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November 08, 2002 - Image 14

Resource type:
The Detroit Jewish News, 2002-11-08

Disclaimer: Computer generated plain text may have errors. Read more about this.

Staff Notebook

AIPAC Director Urges
More Support For Israel

he Back Street Horns

Simone Vitale Band

Hot Ice • Cassens Murphy

• Rave • JoyRide


Radio City

Higher. Ground

• Persuasion • LIMA

Cheers • Intrigue


Sun Messengers

Teen Angels

bout 75 metro Detroiters gathered at Temple
Beth El in Bloomfield Township Nov. 3 to hear
Howard Kohl-, executive director of the American
Israel Public Affairs Committee (AIPAC), speak about
the importance of standing behind Israel during this
critical historic time.
Calling this an "emergency community briefing,"
Kohr stressed the need to give our support to Israel and
also to the political candidates who uphold our shared
values. He also talked about the need for greater public
awareness to counteract the negative image of Israel por-
trayed by the media.
He told of a sign he saw recently in
Israel on a discotheque wall where a
terrorist attack had occurred. It read:
"We will not stop dancing." Kohr
said the message indicates Israel's
spirit and determination, even in the
face of the ongoing terrorism.
"I came here today because I want-
ed more information on the situation
in Israel," said Jay Sole of Bloomfield
Howard Kohr
Hills. "I thought Howard Kohr was
absolutely terrific."
"I'm a Lutheran," said Eva King,
who drove in from Flint to hear Kohr
speak, "and I believe that now is the
time to stand up for Israel or it will
be wiped out. I'm here because it's
important to get that word out."
— Ronelle Grier

Big Crowd Expected
At Nimoy Book Talk

emple Shir Shalom in West
Bloomfield is bracing for an
overflow crowd when Jewish
actor-photographer Leonard Nimoy
speaks about his controversial new
book, Shekhina (Umbrage Editions;
Leonard Nimoy
$39.95), in the synagogue's main
sanctuary at 8:15 p.m. Thursday,
Nov. 14.
Nimoy, the renowned Vulcan alien
"Mr. Spock" of the popular Star Trek
television series of the 1960s, was
given a change of venue from the
Jewish Community Center in West Bloomfield, where he
was to have appeared with other Jewish Book Fair
The nature of the photos in Nimoy's book — depicting
nude or semi-nude women, some wearing tallit and tefill- •
in — caused a heated artistic debate in the Detroit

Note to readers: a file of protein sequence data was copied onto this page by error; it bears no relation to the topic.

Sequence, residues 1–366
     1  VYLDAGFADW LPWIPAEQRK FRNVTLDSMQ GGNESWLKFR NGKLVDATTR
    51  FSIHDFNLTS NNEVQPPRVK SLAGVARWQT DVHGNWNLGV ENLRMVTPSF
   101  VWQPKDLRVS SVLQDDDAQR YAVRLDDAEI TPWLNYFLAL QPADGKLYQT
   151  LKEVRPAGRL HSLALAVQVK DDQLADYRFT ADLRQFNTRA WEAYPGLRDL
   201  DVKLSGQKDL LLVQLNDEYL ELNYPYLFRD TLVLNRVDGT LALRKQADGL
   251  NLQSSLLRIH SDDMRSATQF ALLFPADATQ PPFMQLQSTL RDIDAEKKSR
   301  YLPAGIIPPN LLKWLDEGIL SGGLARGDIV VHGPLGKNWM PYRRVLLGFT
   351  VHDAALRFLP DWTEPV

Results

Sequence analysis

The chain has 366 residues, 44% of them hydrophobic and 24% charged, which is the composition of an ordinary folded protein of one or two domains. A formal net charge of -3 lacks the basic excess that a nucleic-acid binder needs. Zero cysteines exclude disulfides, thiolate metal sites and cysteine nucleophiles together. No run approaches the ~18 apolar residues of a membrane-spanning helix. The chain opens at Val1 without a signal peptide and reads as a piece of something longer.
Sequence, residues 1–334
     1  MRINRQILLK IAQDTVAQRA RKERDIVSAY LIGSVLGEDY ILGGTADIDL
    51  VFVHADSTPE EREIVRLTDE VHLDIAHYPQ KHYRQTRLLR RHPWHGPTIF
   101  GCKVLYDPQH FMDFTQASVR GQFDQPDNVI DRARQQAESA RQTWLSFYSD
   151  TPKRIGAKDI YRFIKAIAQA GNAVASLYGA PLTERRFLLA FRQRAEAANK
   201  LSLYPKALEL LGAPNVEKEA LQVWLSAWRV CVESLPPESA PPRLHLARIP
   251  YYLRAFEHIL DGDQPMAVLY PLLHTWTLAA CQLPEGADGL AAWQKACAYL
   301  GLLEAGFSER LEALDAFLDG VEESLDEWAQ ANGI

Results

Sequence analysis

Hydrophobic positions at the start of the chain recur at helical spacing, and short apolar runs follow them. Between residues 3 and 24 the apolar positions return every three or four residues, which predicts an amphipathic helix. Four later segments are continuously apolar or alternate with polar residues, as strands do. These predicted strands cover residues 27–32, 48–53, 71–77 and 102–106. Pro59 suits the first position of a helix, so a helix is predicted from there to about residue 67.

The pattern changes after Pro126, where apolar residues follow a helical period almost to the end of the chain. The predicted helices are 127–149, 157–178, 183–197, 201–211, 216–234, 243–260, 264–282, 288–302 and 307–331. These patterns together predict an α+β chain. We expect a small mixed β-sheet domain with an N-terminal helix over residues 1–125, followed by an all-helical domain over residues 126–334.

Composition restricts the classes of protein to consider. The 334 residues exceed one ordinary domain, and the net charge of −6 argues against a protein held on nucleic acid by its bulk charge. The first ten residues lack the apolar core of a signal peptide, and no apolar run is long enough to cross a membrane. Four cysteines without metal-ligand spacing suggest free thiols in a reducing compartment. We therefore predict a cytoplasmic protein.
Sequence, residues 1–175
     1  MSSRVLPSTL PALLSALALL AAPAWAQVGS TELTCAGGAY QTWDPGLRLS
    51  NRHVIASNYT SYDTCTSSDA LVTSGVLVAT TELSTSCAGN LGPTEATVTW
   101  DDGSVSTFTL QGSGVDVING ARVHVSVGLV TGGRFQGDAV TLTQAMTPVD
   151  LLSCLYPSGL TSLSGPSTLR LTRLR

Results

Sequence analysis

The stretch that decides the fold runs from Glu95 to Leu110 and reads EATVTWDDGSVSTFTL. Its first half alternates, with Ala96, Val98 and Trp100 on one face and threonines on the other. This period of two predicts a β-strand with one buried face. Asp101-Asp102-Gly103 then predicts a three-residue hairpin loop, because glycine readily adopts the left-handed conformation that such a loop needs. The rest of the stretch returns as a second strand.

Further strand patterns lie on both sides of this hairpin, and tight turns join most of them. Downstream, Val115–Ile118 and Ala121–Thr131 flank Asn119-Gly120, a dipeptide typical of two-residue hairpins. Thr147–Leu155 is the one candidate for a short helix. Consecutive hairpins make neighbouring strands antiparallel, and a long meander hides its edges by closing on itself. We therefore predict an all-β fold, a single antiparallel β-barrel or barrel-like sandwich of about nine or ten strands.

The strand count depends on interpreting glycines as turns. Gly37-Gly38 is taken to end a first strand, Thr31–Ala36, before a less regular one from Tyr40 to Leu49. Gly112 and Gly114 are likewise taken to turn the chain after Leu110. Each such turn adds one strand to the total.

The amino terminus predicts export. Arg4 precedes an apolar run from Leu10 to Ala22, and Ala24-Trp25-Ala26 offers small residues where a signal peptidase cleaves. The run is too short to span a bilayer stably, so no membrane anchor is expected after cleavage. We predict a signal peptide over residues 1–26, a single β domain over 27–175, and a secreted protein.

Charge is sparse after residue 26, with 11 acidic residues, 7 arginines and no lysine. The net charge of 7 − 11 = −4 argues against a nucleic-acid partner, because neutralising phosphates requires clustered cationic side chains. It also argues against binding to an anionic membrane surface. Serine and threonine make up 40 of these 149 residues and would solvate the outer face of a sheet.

Jewish community. The venue and sponsorship for
Nimoy's appearance were changed after a consensus was
reached following meetings of lay, professional and rab-
binic representatives, and supported by the Jewish
Federation of Metropolitan Detroit.
The new sponsor is the National Foundation for Jewish


The Jerry Ross Band

Call for a free
video consultation

Lorio Ross

Call (248) 398-9711



505 S. Lafayette • Royal Oak



The Shir Shalom sanctuary holds about 950 people,
but Nimoy has been drawing crowds of 1,000 or more at
appearances in Texas and Florida. No one younger than
18 will be admitted to the free lecture.
Nimoy also created dissent in Seattle where he with-
drew from a Jewish Federation of Greater Seattle fund-
raising dinner following local concern about the book's
explicit photography and use of the sacred Jewish objects.
"The decision reached by our Jewish leaders was very
appropriate for the community," said Shir Shalom Rabbi
cannel Schwartz. "The leadership at our temple agrees
witth,the decision and is happy to offer Shir Shalom as
the lo?ation of the meeting.
"As far as'Unow, none of our members objects 't6 Mr.
Nimoy co milig-:here."
— Bill itarroll

B'nai Moshe Hosts
Teen Discussion Series

aniella HarPaz Mechnikov, education director at
Congregation B'nai Moshe in West Bloomfield,
had a brainstorm for bringing teens back to
Jewish education. Her thought was twofold — to hook
teens with quirky Jewish questions (Can you be buried
in a Jewish cemetery if you have a tattoo?) and to utilize
educators from the Jewish Academy of Metropolitan
What evolved is a series of seven classes open to all
teens in grades 8-12, regardless of synagogue affiliation.
The series begins Wednesday, Nov. 13, at B'nai
Moshe, 6800 Drake Road, with a discussion on organ
donation with Rabbi Lee Buckman, head of JAMD.
The 6-8 p.m. classes on the second Wednesday of each
month will include pizza, pop and learning. Cost is $18
per session or $100 for the series. To register or for
information, call (248) 788-3600.
— Keri Guten Cohen



• The program Shhhema and Sweet Dreamt7z ("People
Of The Books," Nov. 1, page 81; "Family Fare At Book
Fair," Nov. 1, page 120), is 2:30-3:30 p.m. Sunday, Nov.
17, at the Jewish Community Center in West Bloom-
field and intended exclusively for children being raised in
single-parent Jewish families, their parents and grandpar-
ents. $5 per child. RSVP by Thursday, Nov. 14, to
Lauren Morton, Agency for Jewish. Education, (248)
645-7860, ext. 377, or e-mail morton@ajedetroit.org

• The appearance of Book Fair speaker Georgia
Witkin, Ph.D., author of Stress — Relieffor Disasters
Great and Small, scheduled for 6:30 p.m. Thursday,
Nov. 14, at the Jewish Community Center in West
Bloomfield, has been canceled.

• The seventh annual North American Alliance for
Jewish Youth Conference on Informal Jewish Education
will be held in Israel Jan. 13-17. The date was incorrect
in "Local Principal Chairs Forum," Oct. 25, page 64.
For information, log on to vvwvv.naajevvishyouth.org

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